All Saints' Church, Wittenberg
|All Saints' Church|
Apse and belfry of the Schlosskirche
formerly Roman Catholic
|Founder(s)||Frederick III, Elector of Saxony|
All Saints' Church, commonly referred to as Schloßkirche ("Castle church") to distinguish it from the Stadtkirche ("town church") of St. Mary — and sometimes known as the Reformation Memorial Church — is a Lutheran church in Lutherstadt Wittenberg, Germany. It is the site where The Ninety-Five Theses were posted by Martin Luther on 31 October 1517, the act that has been called the start of the Protestant Reformation.
All Saints' Church was designed by Conrad Pflüger and built between 1490 and 1511 at the order of Frederick III, Elector of Saxony in the Late Gothic style. It is a part of the Electoral Residenzschloss, also called Schloss Wittenberg. 
After the foundation of the University of Wittenberg in 1502, the All Saints' was annexed to serve as a chapel to the University, and it quickly evolved into an important academic and worship center. Students were awarded their doctorates there, and Philipp Melanchthon made his famous inaugural speech at the church. A tradition of burying academic dignitaries of the university at the church developed.
On 31 October 1517, Martin Luther posted his 95 theses on the doors of All Saints' Church, which is commonly viewed to be a catalyst for the Protestant Reformation.
Seven Years' War
In 1760, during the Seven Years' War (more specifically the Pomeranian War), the church was destroyed by a fire resulting from bombardment. The blaze left only half of the foundation standing, and none of the wooden doors on which Martin Luther had posted the Theses. All Saints' was soon rebuilt, albeit without many priceless works of art that were lost forever.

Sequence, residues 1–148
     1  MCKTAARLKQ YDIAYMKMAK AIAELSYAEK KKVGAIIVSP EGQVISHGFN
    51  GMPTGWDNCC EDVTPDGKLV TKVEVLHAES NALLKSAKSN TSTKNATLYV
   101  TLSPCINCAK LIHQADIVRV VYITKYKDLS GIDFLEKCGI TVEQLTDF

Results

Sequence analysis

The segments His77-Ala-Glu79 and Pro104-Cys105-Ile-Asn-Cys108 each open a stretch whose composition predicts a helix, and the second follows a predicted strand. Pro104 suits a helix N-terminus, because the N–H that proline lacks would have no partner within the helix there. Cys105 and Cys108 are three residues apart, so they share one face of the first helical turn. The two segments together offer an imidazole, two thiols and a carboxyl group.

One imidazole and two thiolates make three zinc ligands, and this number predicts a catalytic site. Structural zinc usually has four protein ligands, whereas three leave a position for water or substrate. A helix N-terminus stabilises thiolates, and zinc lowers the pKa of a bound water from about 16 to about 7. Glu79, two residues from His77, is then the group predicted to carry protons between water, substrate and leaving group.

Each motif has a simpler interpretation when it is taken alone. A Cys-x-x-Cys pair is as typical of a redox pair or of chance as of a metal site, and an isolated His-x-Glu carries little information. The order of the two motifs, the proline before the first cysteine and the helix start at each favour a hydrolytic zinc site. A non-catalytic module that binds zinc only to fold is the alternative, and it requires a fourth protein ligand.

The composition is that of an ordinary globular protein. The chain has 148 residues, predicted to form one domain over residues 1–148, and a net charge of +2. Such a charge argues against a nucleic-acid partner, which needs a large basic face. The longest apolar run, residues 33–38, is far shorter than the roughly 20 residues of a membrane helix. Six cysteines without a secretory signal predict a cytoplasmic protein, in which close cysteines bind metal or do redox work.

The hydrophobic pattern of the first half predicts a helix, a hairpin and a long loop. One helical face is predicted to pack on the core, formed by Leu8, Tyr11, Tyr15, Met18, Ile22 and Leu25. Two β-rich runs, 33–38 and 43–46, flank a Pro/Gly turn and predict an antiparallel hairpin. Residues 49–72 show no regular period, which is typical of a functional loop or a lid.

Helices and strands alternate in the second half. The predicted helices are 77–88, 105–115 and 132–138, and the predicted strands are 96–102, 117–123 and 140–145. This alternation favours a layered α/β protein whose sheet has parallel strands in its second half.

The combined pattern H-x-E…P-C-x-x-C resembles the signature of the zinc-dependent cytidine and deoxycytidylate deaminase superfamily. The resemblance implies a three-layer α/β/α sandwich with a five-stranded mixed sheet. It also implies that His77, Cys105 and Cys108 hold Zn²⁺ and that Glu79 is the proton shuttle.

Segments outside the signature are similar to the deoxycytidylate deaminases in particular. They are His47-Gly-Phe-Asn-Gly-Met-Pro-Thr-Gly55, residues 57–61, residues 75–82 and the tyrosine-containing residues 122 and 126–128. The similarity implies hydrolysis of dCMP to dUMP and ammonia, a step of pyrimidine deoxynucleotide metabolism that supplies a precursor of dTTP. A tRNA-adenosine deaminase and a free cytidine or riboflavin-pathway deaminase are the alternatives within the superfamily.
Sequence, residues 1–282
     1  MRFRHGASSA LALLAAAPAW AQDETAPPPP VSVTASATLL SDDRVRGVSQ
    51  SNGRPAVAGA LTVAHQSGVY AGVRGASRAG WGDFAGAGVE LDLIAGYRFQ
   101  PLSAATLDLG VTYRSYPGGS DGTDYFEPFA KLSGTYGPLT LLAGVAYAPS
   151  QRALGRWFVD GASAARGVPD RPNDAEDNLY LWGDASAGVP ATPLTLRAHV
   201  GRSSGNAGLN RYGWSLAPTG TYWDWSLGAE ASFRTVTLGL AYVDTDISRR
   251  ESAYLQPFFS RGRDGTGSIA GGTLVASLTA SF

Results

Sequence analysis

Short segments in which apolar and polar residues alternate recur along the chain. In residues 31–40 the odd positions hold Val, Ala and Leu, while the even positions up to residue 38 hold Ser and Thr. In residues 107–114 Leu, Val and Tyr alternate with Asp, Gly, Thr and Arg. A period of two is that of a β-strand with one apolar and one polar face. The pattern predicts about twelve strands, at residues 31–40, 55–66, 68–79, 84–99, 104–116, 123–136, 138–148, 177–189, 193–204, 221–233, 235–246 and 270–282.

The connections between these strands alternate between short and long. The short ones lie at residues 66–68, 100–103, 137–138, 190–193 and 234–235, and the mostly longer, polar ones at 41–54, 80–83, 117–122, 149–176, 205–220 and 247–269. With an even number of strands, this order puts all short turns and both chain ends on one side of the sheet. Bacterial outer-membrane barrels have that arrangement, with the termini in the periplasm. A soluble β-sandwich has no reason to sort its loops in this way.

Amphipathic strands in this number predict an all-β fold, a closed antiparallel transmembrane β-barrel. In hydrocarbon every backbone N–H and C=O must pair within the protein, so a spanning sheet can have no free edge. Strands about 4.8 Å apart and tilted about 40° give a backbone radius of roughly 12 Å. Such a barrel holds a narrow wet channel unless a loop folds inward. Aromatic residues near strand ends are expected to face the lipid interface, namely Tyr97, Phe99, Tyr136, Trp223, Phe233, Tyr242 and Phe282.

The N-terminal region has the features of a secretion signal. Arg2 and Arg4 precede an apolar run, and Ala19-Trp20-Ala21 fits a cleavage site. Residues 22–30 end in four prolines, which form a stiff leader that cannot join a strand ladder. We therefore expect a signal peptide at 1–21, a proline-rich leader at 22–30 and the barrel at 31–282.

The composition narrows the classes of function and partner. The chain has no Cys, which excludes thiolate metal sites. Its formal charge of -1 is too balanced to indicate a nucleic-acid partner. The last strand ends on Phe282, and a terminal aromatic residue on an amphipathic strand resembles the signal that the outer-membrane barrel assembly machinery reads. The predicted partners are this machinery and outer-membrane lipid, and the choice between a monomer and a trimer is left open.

In 1858, at the order of Frederick William IV of Prussia, commemorative bronze doors were mounted where the original wooden ones had been located. On the doors the 95 Theses are inscribed in their original Latin form. The doors themselves weigh 2,200 pounds (1,000 kg).
On 10 November 1858, 375 years after Martin Luther's birth, the new doors were commemorated at a formal ceremony.
Above the doors is a painting that portrays Luther on the left with a German Bible, and Philipp Melanchthon on the right, with the Augsburg Confession, the main confession of faith in the Lutheran Church which was formed by Luther and Melanchthon. These doors are among the most photographed in Europe.
On 31 October 1892, 375 years after Luther posted his 95 Theses on the doors of the church, All Saints' was re-inaugurated.
In 1983, 500 years after the birth of Luther, 12 new windows were installed in All Saints'. These honored the most important Reformation students of Luther, and were created by Renate Brömme in a "timeless" style at the order of the Lutheran World Federation.
All Saints' today
All Saints' is also known for its 88-metre (289 ft)-tall steeple, from which one can obtain a good view of the city of Wittenberg and the surrounding countryside. A quote, "Ein' feste Burg ist unser Gott" ("A mighty fortress is our God"), from one of Luther's hymns, encircles the tower.
Tombs and artwork
The tombs of Martin Luther and Philipp Melanchthon are located in All Saints' Church.  On Luther's tomb, located beneath the pulpit, is enscribed "Here is buried the body of the Doctor of Sacred Theology, Martin Luther, who died in the year of Christ 1546, on February 18th, in his hometown Eisleben, after having lived for 63 years, 2 months, and 10 days."  Melanchthon preached at Luther's burial. Luther's casket is buried near the pulpit, some 2.4 metres below the floor of the nave.
Also, there are life-sized statues made from alabaster of Frederick III and his brother John, Elector of Saxony. There are also several bronze sculptures, also of Frederick III and of John which are done by Peter Vischer the Younger and Hans Vischer. In addition, the church has many paintings done by both Lucas Cranach the Younger and Lucas Cranach the Elder.
The steeple of All Saints' Church. The inscription "Ein' feste Burg ist unser Gott" runs just below its base.
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